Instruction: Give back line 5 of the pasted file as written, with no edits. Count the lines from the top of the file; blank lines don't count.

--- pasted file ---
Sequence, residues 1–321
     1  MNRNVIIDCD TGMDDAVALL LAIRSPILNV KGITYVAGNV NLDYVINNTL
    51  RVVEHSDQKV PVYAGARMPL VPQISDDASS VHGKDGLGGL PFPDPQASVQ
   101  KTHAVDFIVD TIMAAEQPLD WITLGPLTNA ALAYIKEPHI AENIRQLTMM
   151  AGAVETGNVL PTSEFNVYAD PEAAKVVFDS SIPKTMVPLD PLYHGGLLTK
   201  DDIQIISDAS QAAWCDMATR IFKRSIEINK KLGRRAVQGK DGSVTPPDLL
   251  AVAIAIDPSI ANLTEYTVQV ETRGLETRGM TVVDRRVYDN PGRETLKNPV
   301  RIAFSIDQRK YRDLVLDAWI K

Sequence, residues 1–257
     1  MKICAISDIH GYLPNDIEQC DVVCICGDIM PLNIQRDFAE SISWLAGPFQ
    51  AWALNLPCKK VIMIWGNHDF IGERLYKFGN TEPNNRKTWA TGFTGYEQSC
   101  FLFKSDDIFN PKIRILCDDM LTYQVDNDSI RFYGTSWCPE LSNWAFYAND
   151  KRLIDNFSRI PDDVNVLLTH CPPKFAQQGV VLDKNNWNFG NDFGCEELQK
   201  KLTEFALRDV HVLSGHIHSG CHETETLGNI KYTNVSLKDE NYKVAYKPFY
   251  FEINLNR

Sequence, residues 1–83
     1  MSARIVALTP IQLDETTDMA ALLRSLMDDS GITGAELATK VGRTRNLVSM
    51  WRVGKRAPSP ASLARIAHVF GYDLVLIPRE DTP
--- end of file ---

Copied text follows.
   151  AGAVETGNVL PTSEFNVYAD PEAAKVVFDS SIPKTMVPLD PLYHGGLLTK